Many agencies leave staff without a uniform solution to create FOIA deliverables.  If organizations use legacy desktop clients to house that information, systems can’t communicate with each other, and staff are left to sift through them for content.

Even if systems are connected, IT needs to continuously integrate them to ensure knowledge workers’ access.  That much administrative work consumes human resources.   Documents are searched through manually, information gets lost, and budgets are strained. 

Agencies need a centralized system to meet FOIA deadlines.  The single workbench approach allows knowledge workers to access anything and everything they need to manage FOIA cases.

 

2.  There are too many complexities to handle FOIA requests manually

The sheer volume of data that agencies capture, process, and archive increases every day.  It is time-consuming to manually search through that much information.  Once captured, agency rules mandate different kinds of redaction for different types of content.  Without the right tools to create a pixel-by-pixel replacement, redacted information may not be redacted at all.  Sensitive data is left visible and released by accident.

When there are hundreds of FOIA requests to create, package, and deliver, it is a challenge to track all of their statuses. There is no way to pinpoint which of those hundreds of requests are more urgent, and which of those due dates are closer.

Automation is the only way to fix this. When cases are automatically created and the content in them can be automatically redacted, time is freed up for knowledge workers to focus on more critical tasks.

 

3.  Collaboration Challenges

The outcome of a FOIA request is dependent on the communication among those assigned to the case.  The past year has challenged the government to do a large portion of this work from home.  Often the contents of FOIA requests are cross-departmental or even cross-agency, which creates a line of communication between SME’s in different locations.   When there are problems or questions, knowledge workers must ask SME’s for assistance via email.  These emails are often left for several days in the SME’s inbox without an answer, and dead stops put the agency at risk of missed deadlines.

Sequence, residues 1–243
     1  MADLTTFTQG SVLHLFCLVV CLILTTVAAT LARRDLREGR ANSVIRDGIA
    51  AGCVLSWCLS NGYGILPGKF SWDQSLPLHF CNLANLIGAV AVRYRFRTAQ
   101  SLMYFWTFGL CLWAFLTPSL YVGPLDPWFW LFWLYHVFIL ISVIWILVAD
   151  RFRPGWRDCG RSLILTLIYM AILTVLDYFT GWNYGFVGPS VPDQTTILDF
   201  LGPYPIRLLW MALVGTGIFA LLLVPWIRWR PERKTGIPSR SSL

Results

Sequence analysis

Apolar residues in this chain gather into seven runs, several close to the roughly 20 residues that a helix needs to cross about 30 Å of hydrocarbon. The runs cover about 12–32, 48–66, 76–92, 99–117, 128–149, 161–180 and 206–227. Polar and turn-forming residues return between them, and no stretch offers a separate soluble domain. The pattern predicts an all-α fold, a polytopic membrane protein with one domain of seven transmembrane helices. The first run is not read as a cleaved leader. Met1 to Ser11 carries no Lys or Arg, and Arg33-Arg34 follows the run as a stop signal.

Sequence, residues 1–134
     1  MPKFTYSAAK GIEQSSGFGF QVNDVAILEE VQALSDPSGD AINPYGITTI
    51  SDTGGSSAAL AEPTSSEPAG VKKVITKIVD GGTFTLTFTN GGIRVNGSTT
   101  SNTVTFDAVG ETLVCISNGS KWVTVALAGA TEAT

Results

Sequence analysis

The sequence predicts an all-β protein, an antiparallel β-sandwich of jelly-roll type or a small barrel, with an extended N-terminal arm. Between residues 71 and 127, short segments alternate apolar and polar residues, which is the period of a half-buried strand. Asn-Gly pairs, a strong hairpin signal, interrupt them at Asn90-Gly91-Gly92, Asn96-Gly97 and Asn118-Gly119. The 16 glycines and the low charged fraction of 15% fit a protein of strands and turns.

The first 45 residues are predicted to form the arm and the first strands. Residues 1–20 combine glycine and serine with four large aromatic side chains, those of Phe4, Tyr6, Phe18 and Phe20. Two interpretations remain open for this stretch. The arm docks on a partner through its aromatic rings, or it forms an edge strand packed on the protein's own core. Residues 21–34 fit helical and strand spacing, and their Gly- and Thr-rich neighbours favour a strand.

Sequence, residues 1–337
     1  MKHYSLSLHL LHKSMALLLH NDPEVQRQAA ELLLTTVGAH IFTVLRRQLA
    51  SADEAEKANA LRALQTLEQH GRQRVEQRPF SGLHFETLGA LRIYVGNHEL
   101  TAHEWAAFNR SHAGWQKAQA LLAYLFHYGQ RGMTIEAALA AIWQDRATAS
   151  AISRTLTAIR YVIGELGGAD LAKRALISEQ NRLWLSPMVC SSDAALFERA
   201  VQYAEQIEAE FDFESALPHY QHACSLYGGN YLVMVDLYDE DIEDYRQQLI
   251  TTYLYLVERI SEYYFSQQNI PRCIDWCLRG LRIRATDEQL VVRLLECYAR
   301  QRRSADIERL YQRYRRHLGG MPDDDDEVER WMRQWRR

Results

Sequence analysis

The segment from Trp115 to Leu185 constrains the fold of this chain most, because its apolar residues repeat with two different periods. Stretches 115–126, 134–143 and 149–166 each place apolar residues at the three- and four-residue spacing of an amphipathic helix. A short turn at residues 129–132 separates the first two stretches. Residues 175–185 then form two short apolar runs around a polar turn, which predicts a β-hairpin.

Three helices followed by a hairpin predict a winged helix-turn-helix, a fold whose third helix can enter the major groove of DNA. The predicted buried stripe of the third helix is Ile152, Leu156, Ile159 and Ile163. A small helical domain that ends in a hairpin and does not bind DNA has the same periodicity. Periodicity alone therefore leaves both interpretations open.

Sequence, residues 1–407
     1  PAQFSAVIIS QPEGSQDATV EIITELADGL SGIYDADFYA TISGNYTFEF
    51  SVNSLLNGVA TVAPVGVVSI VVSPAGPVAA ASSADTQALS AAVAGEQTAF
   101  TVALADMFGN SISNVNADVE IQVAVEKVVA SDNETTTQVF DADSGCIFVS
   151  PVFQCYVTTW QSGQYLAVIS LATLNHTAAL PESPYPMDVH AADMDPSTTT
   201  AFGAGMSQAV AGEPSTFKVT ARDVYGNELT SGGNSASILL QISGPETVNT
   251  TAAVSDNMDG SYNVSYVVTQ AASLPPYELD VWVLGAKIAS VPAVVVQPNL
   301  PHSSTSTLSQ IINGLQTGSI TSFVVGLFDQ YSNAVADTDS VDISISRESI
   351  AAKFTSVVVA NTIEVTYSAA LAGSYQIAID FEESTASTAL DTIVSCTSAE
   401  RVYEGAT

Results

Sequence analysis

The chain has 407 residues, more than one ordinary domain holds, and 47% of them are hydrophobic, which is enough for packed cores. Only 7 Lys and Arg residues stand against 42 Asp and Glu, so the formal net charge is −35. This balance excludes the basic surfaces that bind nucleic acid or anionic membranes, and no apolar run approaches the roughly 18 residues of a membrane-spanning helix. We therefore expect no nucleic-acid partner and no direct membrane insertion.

Knowledge workers must be able to communicate with each other and with the requestor.  When the case is opened, the team assigned to it must keep up communication with the requestor and give them estimates, status updates, and the ability to track the case through its lifecycle.  When this process is done through phone or email, communication is not transparent.  No one knows what the FOIA team has already communicated to the requestor, or what still needs to be said. 

Another hurdle that agencies struggle over is collaborative access.  With no system in place to allow group work, team members will not be able to interact with systems at the same time for collection.  Without the tools to control access, FOIA teams can’t permission content or control who can see what within the case.  When agencies can’t control who can see what sensitive information, FOIA goals are not met.

 

4.  Poor Access to Data

It is a challenge to keep information organized when there are multiple data types and sources.  Email is a source now, with social media and chat to become sources in the future.  Email search and retrieval is sub-par and will take a considerable amount of time when compared to advanced search features.  Once the information is collected, there is also no way to see both text and metadata at the same time.  If knowledge workers find that they need more information from the eDiscovery side, they have fallen short of their FOIA goals.

When workers cannot interact with their cases, time is wasted.  SME’s should be able to connect to their workstation from any location and on any device.  If they know where they need to work and can get into their cases, the collection process can start immediately.   

A lack of a real Records Management system lives at the heart of this challenge.  With a repository in place, knowledge workers have access to collect and create deliverables.

 

5.  No Oversight/Accountability